Brit bank Lloyds carves out role for ex-Microsoft design guy Dan Makoski

Never mind the cuts and outsourcing – there's always room for a Chief Design Officer

UK banking giant Lloyds has hired former Microsoft design guru Dan Makoski and plonked him in the newly created role of Chief Design Officer.

The bank is keen on "designing great experiences for our customers," according to Lloyds' Zak Mian, group transformation director. Presumably this will involve a bit more than changing the font on the "Sorry we closed your branch" sign, which is becoming an increasingly familiar sight for customers. Perhaps a cheery Comic Sans?

Makoski served at Microsoft from 2003 and was part of the team that designed the original Surface tablet (later PixelSense). The device made for a great tech demo, although did little to trouble the market. He wisely left before the Surface name was slapped on Redmond's disastrous Windows RT-based tablet.

As well as having a design position at Motorola, he was also involved in Google's ill-fated Project Ara, a modular smartphone. Google axed the project in 2016.

Makoski's first day at Lloyds will be next week, although it is not clear what he will actually be working on, other than "human centric design".

Lloyds has been on a six-year "transformation" programme, which the bank claims has seen a significant increase in shareholder returns. The transformation has been so successful that the bank's online portals had to take multiple lie-downs last year to get over the excitement of it all.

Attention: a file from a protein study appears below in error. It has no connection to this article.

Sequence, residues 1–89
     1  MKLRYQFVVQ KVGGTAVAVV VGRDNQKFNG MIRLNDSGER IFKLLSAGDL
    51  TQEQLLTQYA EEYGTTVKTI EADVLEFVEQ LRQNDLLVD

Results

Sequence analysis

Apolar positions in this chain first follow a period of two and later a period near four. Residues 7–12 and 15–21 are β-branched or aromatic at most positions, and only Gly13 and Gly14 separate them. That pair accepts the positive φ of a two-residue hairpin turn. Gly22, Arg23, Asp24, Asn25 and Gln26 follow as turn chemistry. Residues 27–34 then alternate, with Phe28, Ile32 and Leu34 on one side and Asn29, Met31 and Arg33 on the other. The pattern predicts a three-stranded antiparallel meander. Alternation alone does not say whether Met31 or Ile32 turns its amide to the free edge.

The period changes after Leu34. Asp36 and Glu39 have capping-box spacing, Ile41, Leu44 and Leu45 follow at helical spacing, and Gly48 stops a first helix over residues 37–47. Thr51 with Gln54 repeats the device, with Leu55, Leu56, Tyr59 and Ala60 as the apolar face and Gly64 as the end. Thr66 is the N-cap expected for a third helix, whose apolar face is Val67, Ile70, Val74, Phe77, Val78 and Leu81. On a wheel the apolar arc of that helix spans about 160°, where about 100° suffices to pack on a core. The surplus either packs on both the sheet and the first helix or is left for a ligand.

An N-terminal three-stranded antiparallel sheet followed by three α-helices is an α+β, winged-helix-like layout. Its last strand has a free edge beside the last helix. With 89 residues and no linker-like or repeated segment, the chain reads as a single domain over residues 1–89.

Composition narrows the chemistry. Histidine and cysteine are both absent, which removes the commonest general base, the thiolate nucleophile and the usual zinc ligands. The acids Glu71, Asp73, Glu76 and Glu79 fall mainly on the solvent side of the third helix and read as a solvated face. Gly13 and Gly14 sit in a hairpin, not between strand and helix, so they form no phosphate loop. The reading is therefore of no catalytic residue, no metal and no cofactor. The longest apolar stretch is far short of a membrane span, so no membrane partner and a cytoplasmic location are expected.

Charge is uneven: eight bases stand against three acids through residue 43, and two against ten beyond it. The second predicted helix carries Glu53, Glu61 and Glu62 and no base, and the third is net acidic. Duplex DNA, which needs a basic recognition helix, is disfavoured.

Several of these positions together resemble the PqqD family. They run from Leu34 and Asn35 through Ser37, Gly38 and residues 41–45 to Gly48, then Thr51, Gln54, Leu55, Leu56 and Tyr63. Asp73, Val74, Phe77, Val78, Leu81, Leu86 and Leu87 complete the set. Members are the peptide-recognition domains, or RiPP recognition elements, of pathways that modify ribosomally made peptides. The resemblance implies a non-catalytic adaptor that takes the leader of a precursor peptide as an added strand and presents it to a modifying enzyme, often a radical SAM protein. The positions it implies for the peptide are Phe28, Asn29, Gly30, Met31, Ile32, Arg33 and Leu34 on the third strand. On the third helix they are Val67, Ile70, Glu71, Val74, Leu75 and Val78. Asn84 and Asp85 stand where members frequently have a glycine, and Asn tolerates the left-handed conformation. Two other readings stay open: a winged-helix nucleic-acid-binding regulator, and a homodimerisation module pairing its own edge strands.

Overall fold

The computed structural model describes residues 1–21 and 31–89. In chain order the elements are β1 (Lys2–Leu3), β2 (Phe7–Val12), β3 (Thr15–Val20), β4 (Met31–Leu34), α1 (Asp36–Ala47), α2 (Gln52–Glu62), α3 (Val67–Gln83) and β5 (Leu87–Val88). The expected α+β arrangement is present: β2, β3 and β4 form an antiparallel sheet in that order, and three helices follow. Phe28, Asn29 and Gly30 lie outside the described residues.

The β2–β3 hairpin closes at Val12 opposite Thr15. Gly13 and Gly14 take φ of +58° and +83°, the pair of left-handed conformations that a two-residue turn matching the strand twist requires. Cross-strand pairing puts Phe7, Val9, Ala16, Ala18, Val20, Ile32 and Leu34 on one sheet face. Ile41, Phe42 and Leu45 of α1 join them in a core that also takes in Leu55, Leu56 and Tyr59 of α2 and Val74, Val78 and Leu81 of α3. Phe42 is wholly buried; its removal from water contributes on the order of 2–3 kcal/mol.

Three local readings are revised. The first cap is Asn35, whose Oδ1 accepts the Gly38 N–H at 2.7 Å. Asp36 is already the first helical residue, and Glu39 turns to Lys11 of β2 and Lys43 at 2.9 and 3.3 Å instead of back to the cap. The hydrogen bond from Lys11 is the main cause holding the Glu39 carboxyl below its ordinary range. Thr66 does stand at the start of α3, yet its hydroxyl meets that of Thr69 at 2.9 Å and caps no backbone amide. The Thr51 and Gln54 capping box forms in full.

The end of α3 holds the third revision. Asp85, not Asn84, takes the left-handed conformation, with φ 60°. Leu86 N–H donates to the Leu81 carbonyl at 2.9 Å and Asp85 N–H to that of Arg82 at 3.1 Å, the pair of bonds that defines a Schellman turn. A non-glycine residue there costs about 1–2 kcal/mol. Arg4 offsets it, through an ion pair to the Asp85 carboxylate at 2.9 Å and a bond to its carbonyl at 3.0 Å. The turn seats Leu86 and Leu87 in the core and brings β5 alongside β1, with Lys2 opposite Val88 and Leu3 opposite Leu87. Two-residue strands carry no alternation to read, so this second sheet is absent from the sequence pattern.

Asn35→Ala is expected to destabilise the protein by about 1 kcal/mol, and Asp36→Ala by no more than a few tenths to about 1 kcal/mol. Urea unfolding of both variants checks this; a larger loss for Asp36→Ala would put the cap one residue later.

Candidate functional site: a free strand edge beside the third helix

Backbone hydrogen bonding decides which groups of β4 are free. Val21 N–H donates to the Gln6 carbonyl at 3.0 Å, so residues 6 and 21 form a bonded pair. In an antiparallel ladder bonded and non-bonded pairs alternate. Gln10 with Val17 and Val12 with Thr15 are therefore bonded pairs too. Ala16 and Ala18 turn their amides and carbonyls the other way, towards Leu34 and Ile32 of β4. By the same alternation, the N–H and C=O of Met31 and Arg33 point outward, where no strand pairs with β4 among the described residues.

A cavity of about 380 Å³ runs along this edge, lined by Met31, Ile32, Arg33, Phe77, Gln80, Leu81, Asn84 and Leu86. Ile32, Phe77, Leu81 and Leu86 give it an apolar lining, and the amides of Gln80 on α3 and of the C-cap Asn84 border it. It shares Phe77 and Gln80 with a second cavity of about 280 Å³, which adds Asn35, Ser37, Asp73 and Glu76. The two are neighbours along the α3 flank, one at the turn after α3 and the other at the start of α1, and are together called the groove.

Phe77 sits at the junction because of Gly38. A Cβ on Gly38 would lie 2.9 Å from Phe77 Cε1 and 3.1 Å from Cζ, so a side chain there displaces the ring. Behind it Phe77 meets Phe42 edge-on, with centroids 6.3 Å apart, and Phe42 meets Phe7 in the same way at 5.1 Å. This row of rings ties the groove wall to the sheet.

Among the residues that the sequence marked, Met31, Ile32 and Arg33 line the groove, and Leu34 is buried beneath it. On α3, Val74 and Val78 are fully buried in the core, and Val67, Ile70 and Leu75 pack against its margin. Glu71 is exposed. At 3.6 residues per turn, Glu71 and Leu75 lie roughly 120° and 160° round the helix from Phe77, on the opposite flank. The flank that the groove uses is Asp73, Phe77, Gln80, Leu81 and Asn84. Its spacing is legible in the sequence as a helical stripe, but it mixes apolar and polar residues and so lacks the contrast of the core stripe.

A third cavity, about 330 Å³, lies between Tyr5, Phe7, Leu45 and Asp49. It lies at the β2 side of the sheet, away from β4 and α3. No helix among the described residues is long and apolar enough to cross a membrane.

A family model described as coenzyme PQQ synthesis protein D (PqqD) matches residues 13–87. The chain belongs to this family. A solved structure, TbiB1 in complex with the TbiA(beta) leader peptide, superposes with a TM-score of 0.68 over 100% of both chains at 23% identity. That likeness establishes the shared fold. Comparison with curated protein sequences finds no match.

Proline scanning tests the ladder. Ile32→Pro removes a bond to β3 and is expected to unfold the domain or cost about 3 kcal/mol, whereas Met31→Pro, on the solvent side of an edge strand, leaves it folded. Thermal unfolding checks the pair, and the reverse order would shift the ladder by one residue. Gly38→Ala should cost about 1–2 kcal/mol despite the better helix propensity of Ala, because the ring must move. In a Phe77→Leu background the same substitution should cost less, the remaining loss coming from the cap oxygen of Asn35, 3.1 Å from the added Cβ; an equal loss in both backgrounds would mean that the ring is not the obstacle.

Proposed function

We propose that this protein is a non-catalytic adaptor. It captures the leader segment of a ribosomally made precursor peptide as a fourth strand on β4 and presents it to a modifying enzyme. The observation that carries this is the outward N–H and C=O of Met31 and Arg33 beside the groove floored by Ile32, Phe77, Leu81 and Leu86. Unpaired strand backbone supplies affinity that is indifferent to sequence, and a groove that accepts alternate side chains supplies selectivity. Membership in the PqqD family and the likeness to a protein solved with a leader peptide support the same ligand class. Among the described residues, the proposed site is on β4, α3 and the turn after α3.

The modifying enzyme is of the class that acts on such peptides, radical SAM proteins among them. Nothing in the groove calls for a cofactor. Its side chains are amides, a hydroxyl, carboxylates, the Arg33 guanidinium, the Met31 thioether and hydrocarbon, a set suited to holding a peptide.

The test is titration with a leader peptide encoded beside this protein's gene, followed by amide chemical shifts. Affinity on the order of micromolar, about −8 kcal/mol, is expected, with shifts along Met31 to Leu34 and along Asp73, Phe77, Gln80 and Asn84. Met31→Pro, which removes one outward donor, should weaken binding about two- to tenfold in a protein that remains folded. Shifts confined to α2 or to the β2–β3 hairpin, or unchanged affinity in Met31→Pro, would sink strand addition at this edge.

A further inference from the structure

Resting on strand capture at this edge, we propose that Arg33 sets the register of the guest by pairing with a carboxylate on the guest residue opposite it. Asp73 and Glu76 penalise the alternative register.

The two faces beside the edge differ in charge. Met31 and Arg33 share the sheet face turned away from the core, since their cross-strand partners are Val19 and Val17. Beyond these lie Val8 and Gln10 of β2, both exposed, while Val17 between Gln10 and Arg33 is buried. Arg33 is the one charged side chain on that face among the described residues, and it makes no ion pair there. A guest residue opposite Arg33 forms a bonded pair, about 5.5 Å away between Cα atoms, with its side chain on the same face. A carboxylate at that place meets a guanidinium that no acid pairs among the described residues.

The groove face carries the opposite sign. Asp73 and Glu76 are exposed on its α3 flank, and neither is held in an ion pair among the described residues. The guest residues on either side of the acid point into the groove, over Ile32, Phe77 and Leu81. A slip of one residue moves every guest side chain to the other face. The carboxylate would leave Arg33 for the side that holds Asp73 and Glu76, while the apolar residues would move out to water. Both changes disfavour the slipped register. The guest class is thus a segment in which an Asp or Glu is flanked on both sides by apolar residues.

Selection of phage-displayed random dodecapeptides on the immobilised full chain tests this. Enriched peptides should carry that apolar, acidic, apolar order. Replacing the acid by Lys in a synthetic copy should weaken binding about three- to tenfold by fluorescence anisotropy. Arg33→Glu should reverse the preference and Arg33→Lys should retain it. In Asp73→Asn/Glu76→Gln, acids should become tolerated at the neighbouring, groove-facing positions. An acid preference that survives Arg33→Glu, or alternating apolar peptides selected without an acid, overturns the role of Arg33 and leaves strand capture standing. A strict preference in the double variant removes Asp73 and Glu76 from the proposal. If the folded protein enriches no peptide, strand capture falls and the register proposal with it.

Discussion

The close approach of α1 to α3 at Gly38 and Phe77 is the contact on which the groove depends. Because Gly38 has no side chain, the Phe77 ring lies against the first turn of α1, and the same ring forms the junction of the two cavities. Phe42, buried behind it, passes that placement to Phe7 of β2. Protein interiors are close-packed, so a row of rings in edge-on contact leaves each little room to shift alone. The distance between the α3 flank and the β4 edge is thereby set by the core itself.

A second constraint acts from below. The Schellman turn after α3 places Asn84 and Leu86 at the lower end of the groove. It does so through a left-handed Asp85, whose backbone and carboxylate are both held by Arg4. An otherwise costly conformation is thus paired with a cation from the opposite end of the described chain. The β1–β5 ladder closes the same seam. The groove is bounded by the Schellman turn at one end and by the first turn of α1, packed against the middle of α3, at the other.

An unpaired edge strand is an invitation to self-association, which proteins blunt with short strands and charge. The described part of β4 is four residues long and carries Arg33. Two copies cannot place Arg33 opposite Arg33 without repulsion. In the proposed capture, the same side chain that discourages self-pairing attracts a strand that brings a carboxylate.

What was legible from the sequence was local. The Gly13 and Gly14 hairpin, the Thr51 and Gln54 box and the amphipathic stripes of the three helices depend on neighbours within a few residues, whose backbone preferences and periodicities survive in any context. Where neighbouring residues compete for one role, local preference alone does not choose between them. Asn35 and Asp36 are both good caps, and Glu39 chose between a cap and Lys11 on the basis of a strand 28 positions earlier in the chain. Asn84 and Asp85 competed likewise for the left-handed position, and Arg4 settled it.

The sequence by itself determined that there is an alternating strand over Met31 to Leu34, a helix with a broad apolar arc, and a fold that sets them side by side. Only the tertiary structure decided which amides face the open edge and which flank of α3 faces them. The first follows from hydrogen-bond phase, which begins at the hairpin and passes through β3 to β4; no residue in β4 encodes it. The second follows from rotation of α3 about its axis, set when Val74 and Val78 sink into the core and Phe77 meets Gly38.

Some 500 staff were also turned into IBM employees in September as Lloyds outsourced its IT – such are the magical properties of "transformation".

Lloyds has continued to throw money at its transformation, announcing that £3bn would be spent on, er, cutting more jobs and closing more branches amid the relentless drive to outsource IT and increase profits.

Makoski, a Silicon Valley veteran, professed delight in joining the 300-year-old UK banking institution, promising to use "design to empower true prosperity for people, households and businesses of all sizes and backgrounds".

Prosperity for all bar those who no longer have a role in the newly "digitised" bank, presumably. Those employees will, however, be overjoyed to learn that while there may be no place for them in Lloyds' brave new world, there remains scope to carve out a position for a "Chief Design Officer". ®

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